Reliability of posttraumatic stress symptoms scores

Two issues are of importance when considering the generality of a construct [14]. Most commonly, factor structure and reliability are estimated from sample data to be generalized to a population of persons. The present study deals with another type of generalization, that is, to what extent the specific score of a construct can be generalized to a universe of items beyond the items included in the specific inventory [15] that is, generalizing to a content domain of construct relevant items. Further, it may be that factors related to the assessment situation, like clinics, raters, or more idiosyncratic properties of a sample, may influence on how well PTSS scores can be generalized. This type of generalization has, to our knowledge, not yet been considered in the measurement research on PTSS.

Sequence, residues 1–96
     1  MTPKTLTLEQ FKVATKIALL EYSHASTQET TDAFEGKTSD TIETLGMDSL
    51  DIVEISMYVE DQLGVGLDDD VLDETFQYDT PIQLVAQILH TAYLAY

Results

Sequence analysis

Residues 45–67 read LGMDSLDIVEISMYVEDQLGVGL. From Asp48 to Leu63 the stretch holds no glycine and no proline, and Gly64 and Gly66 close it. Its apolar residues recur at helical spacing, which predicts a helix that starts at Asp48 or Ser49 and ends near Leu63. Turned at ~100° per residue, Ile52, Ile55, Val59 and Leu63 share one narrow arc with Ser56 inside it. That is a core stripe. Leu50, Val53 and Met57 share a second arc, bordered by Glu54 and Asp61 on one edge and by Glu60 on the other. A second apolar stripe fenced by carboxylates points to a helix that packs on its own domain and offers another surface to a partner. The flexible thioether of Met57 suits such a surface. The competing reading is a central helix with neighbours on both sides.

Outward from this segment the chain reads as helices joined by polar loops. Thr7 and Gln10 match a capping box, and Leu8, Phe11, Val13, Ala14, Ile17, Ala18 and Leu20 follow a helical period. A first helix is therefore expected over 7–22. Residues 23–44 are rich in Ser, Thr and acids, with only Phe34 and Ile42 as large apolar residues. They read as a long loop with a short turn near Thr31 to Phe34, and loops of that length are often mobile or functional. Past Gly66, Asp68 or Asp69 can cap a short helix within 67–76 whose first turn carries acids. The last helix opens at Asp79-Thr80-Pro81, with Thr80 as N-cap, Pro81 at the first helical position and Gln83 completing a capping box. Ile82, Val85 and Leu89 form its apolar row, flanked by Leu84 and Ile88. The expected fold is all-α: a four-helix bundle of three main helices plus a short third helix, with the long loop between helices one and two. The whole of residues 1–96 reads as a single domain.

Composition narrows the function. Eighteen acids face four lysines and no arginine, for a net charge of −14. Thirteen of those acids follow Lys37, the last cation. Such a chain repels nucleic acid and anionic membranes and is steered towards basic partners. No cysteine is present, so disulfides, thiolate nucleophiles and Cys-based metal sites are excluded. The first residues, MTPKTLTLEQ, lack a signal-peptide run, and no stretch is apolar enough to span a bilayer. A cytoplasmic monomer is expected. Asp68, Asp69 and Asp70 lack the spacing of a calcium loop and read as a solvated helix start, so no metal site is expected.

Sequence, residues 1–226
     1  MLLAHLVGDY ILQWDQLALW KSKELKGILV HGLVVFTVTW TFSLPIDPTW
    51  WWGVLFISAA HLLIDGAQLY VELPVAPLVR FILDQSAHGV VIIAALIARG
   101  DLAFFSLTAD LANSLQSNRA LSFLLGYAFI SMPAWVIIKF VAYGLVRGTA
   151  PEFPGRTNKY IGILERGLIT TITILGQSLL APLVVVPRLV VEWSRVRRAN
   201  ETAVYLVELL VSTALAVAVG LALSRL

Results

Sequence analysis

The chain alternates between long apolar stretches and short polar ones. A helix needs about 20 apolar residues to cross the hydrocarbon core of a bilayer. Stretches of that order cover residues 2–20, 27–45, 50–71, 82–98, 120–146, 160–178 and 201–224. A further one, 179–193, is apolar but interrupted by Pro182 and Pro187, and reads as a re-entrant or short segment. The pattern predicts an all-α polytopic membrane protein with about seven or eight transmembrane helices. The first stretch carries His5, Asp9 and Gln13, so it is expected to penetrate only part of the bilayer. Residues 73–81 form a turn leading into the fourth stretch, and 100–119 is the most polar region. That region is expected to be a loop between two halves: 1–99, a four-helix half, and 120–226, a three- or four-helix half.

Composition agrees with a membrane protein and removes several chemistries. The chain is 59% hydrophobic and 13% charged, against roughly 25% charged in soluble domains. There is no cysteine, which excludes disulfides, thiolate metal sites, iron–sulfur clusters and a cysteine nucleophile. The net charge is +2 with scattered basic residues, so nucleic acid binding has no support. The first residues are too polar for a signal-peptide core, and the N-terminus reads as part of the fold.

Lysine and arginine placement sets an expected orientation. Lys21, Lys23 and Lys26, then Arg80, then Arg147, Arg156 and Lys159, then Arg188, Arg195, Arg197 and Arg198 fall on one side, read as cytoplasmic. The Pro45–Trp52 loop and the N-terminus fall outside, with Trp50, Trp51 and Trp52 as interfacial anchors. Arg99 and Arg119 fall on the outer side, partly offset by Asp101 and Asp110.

The DSM-IV defined categorization of symptom items, as well as other constellations of items, is often found to show acceptable levels of reliability using Cronbach’s alpha [1,7,16,17]. However, is founded on classical test theory which assumes the existence of only one undifferentiated error term. When studies in fact are based on multi- faceted measurement designs, i.e., with several sources of measurement error, it is likely that Cronbach’s coefficient alpha represents an inflated estimate of generalizability because relevant sources of error variation have not been included in the estimation procedure. In light of the upcoming revision of PTSD, an investigation of the reliability of the current tripartite symptom clusters seems warranted. The present study aimed to extend knowledge on reliability of the PTSS indicators in children and adolescents by providing better arguments for the generality of the construct (Figure 1).